Insulins, Anti-Inflammatory Drugs Top Rising Drug Prices Despite Competition

June 6, 2019

Competition has done little to keep the lid on rising pharmaceutical prices for brand-name products, especially insulins and anti-inflammatory drugs, and costs will continue to rise unless action is taken, according to a recent paper written by researchers from the Scripps Research Translational Institute.

Competition has done little to keep the lid on rising pharmaceutical prices for brand-name products, especially insulins and anti-inflammatory drugs, and costs will continue to rise unless action is taken, according to a recent paper written by researchers from the Scripps Research Translational Institute.

The economic evaluation of drug prices, published in JAMA Network Open, focuses on 49 top-selling US brand-name drugs with more than $500 million in US sales or $1 billion in worldwide sales.

The paper, written by Nathan E. Wineinger, PhD, Yunyue Zhang, BA, and Eric J. Topol, MD, the founder of the institute, says costs of brand-name drugs have risen substantially in the past 6 years, with regular increases occurring 1 to 2 times per year, usually at the beginning of the calendar year and then again in midyear. In addition, they wrote that their data suggest that the current rebate system increases overall costs by incentivizing high list prices.

Price increases were led by analog insulins Novolog and Humalog as well as the basal insulin Lantus, along with anti—tumor necrosis factor (anti-TNF) drugs etanercept, sold as the blockbuster rheumatoid arthritis drug Enbrel, and adalimumab, Humira. Both types of drugs more than doubled in cost.

A previous report has shown similar increases in the cost of insulin.

The authors obtained pharmacy claims data from January 1, 2012, through December 31, 2017, from Blue Cross Blue Shield Axis, a database that includes data from more than 35 million individuals with private pharmaceutical insurance.

The primary outcome was the median sum of out-of-pocket (OOP) and insurance costs paid by patients or insurers, both annually and monthly.

In total, 132 brand-name prescription drugs were identified in 2017 that met the inclusion criteria. Of those, the study focused on 49 top-selling drugs that exceeded 100,000 pharmacy claims.

Substantial cost increases among these drugs was near universal, with a 76% median cost increase from January 2012 through December 2017; 98% of the drugs had regular annual or biannual price increases.

Of the 36 drugs that have been available since 2012, 78% have seen an increase in insurer and OOP costs by more than 50%, and 44% have more than doubled in price.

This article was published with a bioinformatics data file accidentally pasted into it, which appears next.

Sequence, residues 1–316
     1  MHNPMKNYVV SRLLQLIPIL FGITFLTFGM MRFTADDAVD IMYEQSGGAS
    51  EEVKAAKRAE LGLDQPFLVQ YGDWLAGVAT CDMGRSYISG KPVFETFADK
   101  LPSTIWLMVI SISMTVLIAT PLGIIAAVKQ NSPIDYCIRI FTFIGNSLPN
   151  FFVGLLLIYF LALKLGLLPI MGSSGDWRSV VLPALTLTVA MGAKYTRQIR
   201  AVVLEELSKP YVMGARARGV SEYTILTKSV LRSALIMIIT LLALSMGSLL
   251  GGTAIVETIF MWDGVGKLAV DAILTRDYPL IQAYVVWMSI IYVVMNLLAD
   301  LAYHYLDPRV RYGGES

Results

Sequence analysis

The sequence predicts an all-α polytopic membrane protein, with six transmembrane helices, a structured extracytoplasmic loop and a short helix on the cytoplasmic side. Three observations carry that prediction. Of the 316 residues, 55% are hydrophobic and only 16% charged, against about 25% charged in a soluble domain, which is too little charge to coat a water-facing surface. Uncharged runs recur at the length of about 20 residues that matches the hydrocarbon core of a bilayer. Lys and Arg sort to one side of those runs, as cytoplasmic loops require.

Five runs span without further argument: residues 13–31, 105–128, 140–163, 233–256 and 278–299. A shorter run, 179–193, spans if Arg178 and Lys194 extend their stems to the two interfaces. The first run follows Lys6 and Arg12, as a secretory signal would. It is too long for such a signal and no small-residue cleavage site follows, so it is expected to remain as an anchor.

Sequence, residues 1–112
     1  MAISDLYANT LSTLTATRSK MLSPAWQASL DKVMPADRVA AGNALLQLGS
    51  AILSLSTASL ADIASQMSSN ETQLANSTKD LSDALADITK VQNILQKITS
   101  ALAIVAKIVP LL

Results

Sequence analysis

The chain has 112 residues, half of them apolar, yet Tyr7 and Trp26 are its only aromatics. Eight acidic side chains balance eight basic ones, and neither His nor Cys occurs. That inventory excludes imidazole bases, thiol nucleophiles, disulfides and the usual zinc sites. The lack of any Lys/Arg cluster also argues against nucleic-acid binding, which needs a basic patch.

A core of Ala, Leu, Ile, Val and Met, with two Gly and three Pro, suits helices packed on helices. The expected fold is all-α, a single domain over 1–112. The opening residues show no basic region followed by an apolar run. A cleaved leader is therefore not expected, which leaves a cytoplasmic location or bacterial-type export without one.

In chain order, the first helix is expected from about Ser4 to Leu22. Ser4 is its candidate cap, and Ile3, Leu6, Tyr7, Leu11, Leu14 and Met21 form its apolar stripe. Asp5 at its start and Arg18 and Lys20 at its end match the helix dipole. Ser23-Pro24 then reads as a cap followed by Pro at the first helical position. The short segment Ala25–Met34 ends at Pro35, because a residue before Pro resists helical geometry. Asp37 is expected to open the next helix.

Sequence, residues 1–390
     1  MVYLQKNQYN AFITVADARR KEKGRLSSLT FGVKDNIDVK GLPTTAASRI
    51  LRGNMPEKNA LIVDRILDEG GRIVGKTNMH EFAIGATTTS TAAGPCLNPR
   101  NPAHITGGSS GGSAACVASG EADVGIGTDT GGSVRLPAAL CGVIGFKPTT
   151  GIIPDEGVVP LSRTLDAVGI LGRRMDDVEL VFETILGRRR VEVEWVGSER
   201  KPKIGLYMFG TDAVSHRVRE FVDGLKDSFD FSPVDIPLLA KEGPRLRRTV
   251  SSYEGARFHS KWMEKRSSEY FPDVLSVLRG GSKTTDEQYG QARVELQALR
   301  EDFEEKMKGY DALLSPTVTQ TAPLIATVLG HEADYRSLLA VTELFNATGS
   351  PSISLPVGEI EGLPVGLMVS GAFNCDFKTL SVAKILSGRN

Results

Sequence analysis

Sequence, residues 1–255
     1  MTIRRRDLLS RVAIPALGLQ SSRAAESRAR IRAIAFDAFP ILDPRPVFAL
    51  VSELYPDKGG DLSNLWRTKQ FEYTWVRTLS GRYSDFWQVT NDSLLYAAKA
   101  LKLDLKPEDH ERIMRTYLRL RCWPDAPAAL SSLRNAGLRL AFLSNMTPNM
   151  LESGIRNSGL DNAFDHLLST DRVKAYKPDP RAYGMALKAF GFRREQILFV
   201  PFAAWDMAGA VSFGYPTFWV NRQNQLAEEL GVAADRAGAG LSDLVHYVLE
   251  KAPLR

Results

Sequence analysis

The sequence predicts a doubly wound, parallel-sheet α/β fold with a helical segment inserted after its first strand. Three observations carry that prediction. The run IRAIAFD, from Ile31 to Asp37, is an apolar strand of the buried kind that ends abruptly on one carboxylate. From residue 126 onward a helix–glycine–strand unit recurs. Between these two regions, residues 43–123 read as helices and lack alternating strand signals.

Insulins (eg, Novolog, Humalog, and Lantus) and anti-TNF agents (eg, Humira and Enbrel) demonstrated highly synchronized price increases, coinciding with some of the largest growth in drug costs.

Relative price changes did not differ between drugs that entered the market in the past 3 to 6 years and those that have been on the market longer (number of drugs, 13 vs 36; median, 29% increase from January 2015 through December 2017; P = .81)

Relative price changes also did not differ between drugs with or without an approved generic or biosimilar (number of drugs, 17 vs 32; median, 79% vs 73%; P = .21).

Despite an increase in the proportion of lower-cost generic drugs prescribed, pharmaceutical drug net spending reached $324 billion in 2017 and is expected to increase 2% to 5% annually over the next 5 years. Brand-named drugs are launching at higher prices and are granted market exclusivity through the US patent system, the authors note.

For instance, both Enbrel and Humira have approved biosimilar options that have not launched due to patent litigation.

One limitation of the study is the lack of information on rebates and how they affected net prices. Rebates are issued in bulk and cannot be linked to individual claims. To get around the limitation, the authors obtained third-party estimates of net price data on each drug.

Changes in prices paid were highly correlated with third-party estimates of changes in drug net prices (ρ = 0.55; P = 3.8 × 10−5), suggesting that the current rebate system, which incentivizes high list prices and greater reliance on rebates, increases overall costs.

The authors called for greater transparency, given that increases in list prices, and subsequent increases in insurer and OOP costs paid, apear to coincide with increases in net prices, making the drugs more expensive overall.


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